• Author: ICCO Canada
  • Prep Time: 4 hrs
  • Cook Time: 25 mins
  • Total Time: 4 hrs 25 mins




  • 1 large carrot, roughly chopped
  • 2 stalks each of rosemary and sage
  • 6 stalks each of basil and parsley
  • 1 tsp. whole black peppercorns
  • 2 bay leaves
  • 3 cloves garlic, crushed
  • 2 medium onions, roughly chopped
  • 4 celery stalks, roughly chopped
  • 280 g Parmigiano Reggiano DOP rinds
  • 450 g of chicken carcass (ask your butcher for chicken backs or necks)
  • 8 cups cold water


  • 200 g of 00 flour, sifted
  • 2 eggs

Tortellini filling:

  • 200 g of pork loin, finely diced
  • 2 tbsp. of unsalted butter
  • 200 g of prosciutto crudo, finely diced
  • 100 g of Parmigiano Reggiano DOP, grated
  • 2 eggs
  • nutmeg, freshly grated
  • salt
  • freshly ground black pepper



  • Add a small amount of extra virgin olive oil to a large pot over medium heat. Next, add the carrots, onions and celery.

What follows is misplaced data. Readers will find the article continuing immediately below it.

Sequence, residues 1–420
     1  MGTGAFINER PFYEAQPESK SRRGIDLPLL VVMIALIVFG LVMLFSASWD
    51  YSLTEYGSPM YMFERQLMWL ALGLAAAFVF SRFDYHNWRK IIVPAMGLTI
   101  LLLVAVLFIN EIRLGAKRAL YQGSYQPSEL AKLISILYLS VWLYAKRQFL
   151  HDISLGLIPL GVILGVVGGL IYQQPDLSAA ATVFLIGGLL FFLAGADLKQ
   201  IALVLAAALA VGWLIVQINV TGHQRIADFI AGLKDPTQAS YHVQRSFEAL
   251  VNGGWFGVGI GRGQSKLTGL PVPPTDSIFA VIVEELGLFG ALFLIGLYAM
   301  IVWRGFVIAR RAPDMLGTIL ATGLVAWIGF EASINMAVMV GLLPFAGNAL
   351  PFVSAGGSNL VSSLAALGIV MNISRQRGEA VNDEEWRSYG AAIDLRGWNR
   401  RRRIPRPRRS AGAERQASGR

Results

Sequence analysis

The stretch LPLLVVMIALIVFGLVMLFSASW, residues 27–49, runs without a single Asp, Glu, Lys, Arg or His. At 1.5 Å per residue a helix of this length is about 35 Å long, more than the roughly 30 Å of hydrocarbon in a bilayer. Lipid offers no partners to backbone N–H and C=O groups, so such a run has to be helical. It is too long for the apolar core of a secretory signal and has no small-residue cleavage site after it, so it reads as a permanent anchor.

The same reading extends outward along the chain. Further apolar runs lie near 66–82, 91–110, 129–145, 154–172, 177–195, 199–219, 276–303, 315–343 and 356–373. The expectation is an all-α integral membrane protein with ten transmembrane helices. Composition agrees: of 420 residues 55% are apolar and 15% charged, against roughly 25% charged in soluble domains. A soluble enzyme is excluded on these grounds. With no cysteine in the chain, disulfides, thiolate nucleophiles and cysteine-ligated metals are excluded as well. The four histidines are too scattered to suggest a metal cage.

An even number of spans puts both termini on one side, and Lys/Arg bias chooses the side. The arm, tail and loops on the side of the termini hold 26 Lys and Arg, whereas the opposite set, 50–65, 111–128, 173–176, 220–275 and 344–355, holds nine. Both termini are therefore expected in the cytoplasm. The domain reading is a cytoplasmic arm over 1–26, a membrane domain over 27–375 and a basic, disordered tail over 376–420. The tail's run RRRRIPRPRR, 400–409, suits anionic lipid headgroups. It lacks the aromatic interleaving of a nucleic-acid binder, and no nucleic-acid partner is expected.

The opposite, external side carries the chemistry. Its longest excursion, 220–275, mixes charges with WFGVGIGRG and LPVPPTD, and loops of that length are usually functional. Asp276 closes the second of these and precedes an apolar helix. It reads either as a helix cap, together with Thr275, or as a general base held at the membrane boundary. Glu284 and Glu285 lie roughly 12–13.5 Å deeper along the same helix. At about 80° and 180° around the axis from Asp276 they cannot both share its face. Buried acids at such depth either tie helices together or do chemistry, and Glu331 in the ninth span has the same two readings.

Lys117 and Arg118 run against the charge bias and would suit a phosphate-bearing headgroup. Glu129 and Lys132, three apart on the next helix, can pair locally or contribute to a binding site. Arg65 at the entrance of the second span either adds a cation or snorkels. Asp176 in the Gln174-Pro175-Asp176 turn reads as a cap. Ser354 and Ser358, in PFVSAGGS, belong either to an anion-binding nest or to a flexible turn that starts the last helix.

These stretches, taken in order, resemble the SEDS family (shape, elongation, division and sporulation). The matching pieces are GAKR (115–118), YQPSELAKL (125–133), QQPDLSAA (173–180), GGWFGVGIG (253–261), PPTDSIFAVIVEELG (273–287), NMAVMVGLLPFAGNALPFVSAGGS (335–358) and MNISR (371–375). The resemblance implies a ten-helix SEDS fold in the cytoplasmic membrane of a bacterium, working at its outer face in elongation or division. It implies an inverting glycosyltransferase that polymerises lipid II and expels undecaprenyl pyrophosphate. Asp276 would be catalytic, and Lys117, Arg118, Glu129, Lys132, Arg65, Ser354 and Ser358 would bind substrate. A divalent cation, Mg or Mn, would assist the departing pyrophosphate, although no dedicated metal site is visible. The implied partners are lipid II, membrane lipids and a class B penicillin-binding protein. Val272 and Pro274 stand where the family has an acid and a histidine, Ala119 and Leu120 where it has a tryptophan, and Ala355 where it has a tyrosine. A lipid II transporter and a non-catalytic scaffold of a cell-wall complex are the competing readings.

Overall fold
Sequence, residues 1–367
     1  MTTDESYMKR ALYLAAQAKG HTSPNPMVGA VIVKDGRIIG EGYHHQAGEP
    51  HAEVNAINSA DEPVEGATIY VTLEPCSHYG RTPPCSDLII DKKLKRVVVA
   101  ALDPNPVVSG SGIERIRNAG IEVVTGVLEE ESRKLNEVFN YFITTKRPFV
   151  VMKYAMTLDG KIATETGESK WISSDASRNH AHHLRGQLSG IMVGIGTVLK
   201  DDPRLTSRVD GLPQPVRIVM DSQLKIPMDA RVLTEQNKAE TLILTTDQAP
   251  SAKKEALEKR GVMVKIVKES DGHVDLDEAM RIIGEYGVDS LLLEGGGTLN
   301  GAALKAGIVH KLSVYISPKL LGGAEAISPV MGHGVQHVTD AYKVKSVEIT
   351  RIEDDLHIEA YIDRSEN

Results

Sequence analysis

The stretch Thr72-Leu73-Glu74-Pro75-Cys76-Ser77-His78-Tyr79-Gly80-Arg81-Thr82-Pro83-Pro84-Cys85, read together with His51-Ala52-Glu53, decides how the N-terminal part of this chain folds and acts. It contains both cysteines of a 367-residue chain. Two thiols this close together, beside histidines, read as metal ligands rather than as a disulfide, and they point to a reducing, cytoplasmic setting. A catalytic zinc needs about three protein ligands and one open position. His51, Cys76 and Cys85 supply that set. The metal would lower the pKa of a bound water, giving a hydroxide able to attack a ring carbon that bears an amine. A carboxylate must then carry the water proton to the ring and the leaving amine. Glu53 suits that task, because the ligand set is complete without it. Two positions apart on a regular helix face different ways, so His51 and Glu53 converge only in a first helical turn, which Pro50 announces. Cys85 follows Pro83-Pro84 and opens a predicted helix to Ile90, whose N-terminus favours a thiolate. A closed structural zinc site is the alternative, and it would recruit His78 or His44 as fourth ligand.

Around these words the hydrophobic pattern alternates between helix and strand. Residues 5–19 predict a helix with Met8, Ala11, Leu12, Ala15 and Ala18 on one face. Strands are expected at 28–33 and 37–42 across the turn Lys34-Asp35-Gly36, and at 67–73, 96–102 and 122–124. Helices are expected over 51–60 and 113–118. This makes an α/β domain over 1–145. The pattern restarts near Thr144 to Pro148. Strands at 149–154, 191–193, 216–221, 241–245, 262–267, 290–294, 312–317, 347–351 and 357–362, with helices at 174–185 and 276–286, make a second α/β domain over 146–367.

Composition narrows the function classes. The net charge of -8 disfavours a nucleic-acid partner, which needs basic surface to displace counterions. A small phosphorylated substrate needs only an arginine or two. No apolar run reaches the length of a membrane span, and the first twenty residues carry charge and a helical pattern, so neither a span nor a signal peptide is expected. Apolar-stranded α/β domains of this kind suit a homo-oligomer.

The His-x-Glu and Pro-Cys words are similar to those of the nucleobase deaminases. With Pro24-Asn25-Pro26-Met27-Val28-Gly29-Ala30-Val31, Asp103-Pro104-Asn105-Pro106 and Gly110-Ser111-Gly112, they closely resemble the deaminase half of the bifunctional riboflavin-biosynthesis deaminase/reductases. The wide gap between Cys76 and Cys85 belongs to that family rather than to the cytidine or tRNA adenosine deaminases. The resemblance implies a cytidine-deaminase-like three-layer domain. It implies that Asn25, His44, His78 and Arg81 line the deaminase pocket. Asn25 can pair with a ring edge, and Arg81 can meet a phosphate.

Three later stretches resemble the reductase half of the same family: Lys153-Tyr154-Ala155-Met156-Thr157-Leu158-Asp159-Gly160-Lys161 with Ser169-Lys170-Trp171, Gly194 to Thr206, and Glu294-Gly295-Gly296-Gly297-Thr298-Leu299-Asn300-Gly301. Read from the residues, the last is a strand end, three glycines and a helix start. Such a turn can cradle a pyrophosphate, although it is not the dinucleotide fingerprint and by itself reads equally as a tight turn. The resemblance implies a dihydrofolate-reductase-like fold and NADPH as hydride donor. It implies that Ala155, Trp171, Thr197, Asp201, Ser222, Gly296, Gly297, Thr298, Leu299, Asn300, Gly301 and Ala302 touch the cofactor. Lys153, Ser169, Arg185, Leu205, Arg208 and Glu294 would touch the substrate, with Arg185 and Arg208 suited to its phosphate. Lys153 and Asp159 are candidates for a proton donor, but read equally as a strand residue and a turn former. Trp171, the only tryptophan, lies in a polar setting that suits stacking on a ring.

• Season the vegetables generously with salt and cook them, stirring occasionally, until the carrots are very lightly browned and the onions are translucent. 
  • Add the remainder of the broth ingredients into the pot. Bringing it to a boil.
  • Reduce the heat, and continue to simmer for two hours. Remove any foam that forms on the surface.
  • Allow the broth to cool slightly before removing the chicken carcass, vegetables, and Parmigiano Reggiano rinds .
  • Pass the broth through a sieve to remove any remaining particles.



  • While the broth simmers, make the pasta dough.
  • Form the flour into a well on a work surface and crack the eggs into the centre.